Many opponents of Dominion’s plan, however, say the fight is not over. Maryland’s Department of the Environment and Department of Natural Resources, along with the state attorney general’s office, announced in February their intention to appeal Dominion’s Possum Point permit. Responding to the Prince William County settlement, Maryland officials told InsideClimate News they would review the agreement but that they are still planning to appeal.
Maryland regulators are targeting Possum Point because it is located only a couple hundred feet from the Virginia-Maryland border along the Potomac River. That means its waste disposal will affect both states.
Members at the grassroots environmental group Potomac Riverkeeper Network filed an appeal of the Possum Point permit on Feb. 26.
“The multiple appeals from environmentalists, and state and local governments, forced Dominion to come to the table. That by itself speaks volumes about the DEQ lax permit,” Dean Naujoks from Potomac Riverkeeper Network said in a statement on Wednesday. Naujoks said his group, however, would continue its appeal, pushing the company to embrace even stricter disposal standards.
Dominion has also come under fire recently for releasing 27.5 million gallons of untreated coal ash wastewater from Possum Point into Quantico Creek last year; the company admitted in January that it had happened, but said the disposal was allowed under the company’s old permit. Environmentalists aren’t convinced. The Potomac Riverkeeper Network has alerted the Environmental Protection Agency’s Criminal Investigative Division of the incident; the agency has not yet said publicly if it will open an investigation.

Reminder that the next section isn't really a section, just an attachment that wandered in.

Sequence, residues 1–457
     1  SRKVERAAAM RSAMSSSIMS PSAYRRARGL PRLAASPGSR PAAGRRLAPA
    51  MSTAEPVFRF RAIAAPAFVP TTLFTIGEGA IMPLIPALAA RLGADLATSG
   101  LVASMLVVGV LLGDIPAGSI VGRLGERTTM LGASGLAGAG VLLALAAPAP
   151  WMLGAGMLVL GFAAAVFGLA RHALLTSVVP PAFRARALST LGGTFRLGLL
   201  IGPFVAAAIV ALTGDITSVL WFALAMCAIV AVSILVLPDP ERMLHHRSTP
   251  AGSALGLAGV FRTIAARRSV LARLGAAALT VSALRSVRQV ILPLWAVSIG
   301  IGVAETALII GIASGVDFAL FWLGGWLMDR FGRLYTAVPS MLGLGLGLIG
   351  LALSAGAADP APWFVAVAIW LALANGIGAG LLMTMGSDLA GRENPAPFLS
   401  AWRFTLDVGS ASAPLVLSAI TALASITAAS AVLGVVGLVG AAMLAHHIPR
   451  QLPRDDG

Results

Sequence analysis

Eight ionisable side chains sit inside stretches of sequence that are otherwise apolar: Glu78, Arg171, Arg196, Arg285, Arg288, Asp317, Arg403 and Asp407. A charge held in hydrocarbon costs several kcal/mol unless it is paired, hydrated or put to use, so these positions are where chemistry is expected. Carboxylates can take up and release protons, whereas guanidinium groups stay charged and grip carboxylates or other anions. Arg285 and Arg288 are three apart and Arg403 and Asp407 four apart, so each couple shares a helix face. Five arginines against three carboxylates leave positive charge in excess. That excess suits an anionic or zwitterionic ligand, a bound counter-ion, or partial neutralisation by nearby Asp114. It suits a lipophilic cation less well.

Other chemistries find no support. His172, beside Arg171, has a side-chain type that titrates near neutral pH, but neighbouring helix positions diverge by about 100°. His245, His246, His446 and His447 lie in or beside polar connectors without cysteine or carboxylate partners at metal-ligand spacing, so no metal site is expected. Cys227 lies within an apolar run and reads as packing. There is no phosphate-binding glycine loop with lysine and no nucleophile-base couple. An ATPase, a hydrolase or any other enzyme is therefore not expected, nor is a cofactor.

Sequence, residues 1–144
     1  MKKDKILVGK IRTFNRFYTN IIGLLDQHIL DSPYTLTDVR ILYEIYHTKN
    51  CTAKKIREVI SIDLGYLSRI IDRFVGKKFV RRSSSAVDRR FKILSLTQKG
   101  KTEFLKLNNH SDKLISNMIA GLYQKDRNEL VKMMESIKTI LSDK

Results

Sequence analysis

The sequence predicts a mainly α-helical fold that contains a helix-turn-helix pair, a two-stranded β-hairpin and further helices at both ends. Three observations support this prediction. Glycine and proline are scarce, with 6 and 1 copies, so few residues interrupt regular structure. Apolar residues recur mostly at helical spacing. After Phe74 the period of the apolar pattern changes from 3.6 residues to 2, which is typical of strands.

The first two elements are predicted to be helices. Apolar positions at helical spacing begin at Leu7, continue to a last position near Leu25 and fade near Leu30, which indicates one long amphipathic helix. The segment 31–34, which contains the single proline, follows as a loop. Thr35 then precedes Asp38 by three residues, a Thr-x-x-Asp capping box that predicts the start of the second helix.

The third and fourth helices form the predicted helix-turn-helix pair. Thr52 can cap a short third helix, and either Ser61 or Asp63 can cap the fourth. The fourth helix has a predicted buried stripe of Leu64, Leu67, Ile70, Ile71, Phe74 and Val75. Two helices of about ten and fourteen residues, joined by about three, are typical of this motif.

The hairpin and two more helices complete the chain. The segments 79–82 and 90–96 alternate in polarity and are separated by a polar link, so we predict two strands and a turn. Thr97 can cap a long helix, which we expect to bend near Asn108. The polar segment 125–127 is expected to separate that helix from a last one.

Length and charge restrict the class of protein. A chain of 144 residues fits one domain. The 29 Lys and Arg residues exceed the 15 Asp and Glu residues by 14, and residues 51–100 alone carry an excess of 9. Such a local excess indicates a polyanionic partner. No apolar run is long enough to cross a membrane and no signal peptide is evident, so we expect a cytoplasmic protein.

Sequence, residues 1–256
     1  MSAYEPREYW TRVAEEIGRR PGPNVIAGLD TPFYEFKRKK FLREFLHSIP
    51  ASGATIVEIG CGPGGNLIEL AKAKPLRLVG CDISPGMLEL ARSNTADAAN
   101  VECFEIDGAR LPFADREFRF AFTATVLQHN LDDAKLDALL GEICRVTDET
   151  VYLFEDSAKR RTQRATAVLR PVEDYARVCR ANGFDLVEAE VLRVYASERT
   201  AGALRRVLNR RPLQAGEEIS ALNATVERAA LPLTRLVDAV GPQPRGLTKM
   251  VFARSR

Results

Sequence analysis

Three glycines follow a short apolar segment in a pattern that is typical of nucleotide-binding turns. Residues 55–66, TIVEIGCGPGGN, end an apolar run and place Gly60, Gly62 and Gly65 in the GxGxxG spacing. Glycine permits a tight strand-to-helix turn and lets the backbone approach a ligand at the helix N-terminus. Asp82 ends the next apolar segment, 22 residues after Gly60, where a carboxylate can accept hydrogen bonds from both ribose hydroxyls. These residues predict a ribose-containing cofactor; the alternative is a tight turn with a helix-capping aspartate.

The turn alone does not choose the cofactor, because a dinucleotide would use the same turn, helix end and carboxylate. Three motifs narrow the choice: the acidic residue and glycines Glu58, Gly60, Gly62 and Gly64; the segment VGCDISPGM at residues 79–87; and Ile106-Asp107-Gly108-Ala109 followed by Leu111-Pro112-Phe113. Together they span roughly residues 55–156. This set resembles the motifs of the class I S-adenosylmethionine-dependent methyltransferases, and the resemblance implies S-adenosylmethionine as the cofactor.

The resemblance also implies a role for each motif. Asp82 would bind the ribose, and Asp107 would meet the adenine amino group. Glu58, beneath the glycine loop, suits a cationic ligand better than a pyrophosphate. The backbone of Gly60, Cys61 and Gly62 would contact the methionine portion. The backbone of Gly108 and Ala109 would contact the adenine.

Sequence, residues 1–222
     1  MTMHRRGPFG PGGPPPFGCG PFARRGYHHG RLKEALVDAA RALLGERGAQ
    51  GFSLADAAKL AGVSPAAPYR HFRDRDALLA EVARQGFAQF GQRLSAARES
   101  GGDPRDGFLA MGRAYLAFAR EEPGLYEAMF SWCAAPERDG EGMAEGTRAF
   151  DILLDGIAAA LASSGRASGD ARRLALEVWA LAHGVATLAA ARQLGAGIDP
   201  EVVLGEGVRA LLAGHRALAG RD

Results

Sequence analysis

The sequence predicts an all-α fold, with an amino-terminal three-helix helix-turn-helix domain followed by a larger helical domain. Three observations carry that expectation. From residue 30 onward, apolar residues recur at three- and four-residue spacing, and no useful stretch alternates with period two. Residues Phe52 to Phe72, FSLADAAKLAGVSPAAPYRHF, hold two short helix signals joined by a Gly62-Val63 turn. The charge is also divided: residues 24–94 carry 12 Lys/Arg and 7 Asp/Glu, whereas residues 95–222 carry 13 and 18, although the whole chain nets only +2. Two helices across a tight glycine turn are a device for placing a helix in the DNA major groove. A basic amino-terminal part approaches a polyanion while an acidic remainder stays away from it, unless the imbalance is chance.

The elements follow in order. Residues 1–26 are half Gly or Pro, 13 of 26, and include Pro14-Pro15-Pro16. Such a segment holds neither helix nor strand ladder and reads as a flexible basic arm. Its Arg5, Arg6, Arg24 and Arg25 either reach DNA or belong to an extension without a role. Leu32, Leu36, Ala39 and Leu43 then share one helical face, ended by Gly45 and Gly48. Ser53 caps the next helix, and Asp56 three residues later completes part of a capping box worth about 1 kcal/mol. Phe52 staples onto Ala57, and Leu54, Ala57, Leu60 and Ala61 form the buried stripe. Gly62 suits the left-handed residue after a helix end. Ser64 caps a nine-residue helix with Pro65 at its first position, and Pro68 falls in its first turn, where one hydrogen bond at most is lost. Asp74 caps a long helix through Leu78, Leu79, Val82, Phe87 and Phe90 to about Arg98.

Prince William County resident Paul Simpson said he doubts Dominion’s commitment to the recent agreement. “[They] just don’t have my trust and I don’t think they have many people’s trust,” he told InsideClimate News. Simpson farms oysters in Virginia and dreams of making it a full-time job. He’s concerned about how the waste could harm aquatic life. Prince William is the second largest county in the state, with about 440,000 people.
In the wake of a devastating 2014 spill in North Carolina, where 82,000 tons of coal ash from Duke Energy-owned ponds emptied and contaminated the Dan River, the EPA enacted new standards for handling such waste. To prompt companies to clean up their so-called “inactive” ponds, such as those owned by Dominion, by April 2018, the rules waive the extensive post clean-up groundwater monitoring that’s required for the remediation of active ponds for companies that meet that deadline.
Dominion and North Carolina’s Duke Energy are some of the first companies to start the decommissioning process. Duke has already started treating and dumping its waste. Dominion could start as early as April.
At least 66 facilities in 23 states have announced their intention to close a total of 99 ponds by the 2018 deadline, according to research by the environmental law group Earthjustice. As more states consider permits on coal pond closures, they may look to Virginia for guidance, Lisa Evans, a lawyer at Earthjustice, wrote in an email to InsideClimate News.
“While the Virginia permits do not set a legal precedent that must be followed, coal plants in other states seeking to empty ash ponds into their local rivers can surely turn to Virginia and say such dumping was accepted there—why not here? It’s a slippery, and toxic, slope.”